Last week I talked about why the Vikings should target William Jackson in free agency this offseason. While he is one of the best options at the position, much of the pushback from you astute readers involved his potential price tag. Spotrac may be projecting him to make around $6.2 million for his next deal, but I have to admit, it certainly seems like he should get more given his ability and age. Because of that, I’m bringing the CB discussion back. Here are a few veteran cornerbacks the Vikings could target that will almost certainly be cheap.
Over the past couple years, Josh Norman has been riddled with injuries. That makes this choice a very big risk for Minnesota. It may be worth it, though. He still a very good cornerback while healthy, and just having a former All-Pro in the ear of Cameron Dantzler on the sidelines could be very helpful for the young gun.
He made $6 million in 2020 for Buffalo, but he only played nine games and started three. Of course, the Bills secondary was a tier above that of Minnesota last season, so that contributed to Norman getting fewer snaps. His hamstring injury along with COVID safety protocols certainly played a part as well, though.
All that said, when Norman was on the field, he posted the 17th best PFF grade among cornerbacks at 72.4 which is higher than William Jackson’s 71.4. Granted, it’s a much smaller sample size but still, he was effective when he got on the field. It’s comforting that he seemed motivated after a dreadful final season in Washington during 2019. He is certainly a candidate to sign a one-year “prove it” deal in 2021, and the Vikings are a team that could use him.
Speaking of “prove it” deals, Richard Sherman is still a big name throughout the league. However, the 33-year-old may have to prove he still has his legs under him after a calf strain derailed his 2020 season. He played just five games in 2020 (starting all of them), but again, when he was on the field he still was a competent player.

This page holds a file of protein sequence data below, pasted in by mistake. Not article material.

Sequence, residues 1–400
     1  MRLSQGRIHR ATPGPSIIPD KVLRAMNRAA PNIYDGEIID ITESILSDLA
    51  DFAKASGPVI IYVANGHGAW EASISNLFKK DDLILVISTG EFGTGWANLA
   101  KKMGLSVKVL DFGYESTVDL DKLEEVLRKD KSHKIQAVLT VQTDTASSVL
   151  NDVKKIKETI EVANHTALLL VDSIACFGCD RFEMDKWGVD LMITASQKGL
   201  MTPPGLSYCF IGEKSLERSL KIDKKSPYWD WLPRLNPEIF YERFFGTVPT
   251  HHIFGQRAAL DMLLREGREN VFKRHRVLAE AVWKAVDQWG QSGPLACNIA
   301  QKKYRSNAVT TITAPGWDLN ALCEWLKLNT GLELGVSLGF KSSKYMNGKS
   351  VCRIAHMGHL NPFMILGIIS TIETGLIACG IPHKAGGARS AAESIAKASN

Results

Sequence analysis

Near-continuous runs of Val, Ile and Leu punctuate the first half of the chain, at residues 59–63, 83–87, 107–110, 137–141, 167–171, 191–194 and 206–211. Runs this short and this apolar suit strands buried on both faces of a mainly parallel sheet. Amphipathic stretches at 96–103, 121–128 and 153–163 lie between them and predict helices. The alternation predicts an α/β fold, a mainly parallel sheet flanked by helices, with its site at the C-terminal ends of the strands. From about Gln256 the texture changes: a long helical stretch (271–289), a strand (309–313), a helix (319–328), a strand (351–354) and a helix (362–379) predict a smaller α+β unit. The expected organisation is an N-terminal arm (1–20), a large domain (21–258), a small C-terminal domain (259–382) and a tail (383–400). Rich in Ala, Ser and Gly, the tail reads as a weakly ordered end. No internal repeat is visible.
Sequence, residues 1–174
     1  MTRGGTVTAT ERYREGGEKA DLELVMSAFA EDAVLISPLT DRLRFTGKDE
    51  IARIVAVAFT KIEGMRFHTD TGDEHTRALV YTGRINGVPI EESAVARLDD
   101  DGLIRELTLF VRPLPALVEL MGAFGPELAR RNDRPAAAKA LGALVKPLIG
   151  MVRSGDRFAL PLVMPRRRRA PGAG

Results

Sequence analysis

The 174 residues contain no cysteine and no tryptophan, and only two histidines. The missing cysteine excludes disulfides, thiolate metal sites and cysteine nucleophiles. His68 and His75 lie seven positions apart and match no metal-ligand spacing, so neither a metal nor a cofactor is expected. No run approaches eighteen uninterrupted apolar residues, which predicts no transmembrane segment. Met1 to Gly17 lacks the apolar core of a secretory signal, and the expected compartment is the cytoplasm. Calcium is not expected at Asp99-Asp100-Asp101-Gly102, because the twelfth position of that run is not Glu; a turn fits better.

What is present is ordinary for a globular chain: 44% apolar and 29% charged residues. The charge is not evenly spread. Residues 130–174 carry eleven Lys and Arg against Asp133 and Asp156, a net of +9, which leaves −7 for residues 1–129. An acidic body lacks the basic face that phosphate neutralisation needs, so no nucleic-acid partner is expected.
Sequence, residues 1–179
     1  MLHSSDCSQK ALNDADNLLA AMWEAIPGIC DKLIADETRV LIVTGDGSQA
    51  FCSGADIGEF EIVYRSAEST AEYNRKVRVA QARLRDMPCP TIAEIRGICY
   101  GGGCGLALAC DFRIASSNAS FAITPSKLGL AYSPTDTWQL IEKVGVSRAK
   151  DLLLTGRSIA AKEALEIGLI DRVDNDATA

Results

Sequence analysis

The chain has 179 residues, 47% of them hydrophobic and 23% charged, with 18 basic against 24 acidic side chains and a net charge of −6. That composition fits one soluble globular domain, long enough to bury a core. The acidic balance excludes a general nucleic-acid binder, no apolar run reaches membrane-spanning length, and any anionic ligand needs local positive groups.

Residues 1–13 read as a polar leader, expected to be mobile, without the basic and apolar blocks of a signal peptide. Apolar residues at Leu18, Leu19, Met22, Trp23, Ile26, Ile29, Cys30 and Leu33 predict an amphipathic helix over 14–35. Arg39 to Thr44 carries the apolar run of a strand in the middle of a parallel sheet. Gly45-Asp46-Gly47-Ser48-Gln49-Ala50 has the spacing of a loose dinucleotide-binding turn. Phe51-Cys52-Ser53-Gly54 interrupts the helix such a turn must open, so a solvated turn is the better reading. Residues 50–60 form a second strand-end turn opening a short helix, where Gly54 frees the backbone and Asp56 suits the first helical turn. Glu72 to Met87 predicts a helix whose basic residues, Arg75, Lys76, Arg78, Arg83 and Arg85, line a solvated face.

Sherman posted a PFF grade of 67.7, ranking 38th among CBs. Small sample size means very little, but the numbers say he wasn’t worthy of a CB1 spot in 2020. If Dantzler and the other players continue to develop, though, he may not need to fill that role for the Vikings.
I feel similarly to Sherman’s impact on the Vikings as I do to Norman’s. Even if he isn’t on the field all the time or filling a starting role, his All-Pro presence may be worth a flyer just to get him talking to the young guys. He made nearly $14 million last year, so a pay cut may be hard to swallow for the veteran CB. Of all the players on this list, I am least confident that there won’t be a team willing to throw money at him.
To the surprise of many in Kansas City, the Chiefs managed to bring back Bashaud Breeland in 2020 on a one-year/$4.5 million deal. After serving a four game suspension to begin the year, Breeland played very well.
In 11 games, he posted 38 tackles, a TFL, a FF, and two INTs all while allowing just 50% of his 60 targets to be completed. Breeland may go under the radar once again this offseason with a few bigger names out there (including Jackson), and that is where the Vikings should strike. His PFF grade is underwhelming at 62.8, but that is severely weighed down by his run defense and pass rush. His coverage grade was a very respectable 69.4, which is shown in his coverage statistics mentioned above.
The Chiefs have a few young corners coming up in their system such as L’Jarius Sneed, Rashad Fenton, and DeAndre Barker. They may be willing to let the 29-year-old walk this time and see what they have with their other players. The Vikings should be drawn to Breeland due to his championship pedigree that he would bring into the locker room.
As I mentioned last week, the Vikings are in desperate need of a veteran player at the cornerback position. This need reared its ugly head in 2020 as Minnesota’s young corners were forced to learn on the fly. Any one of these players would not only provide depth on the field, but they could also serve as an extension of the coaching staff off the field.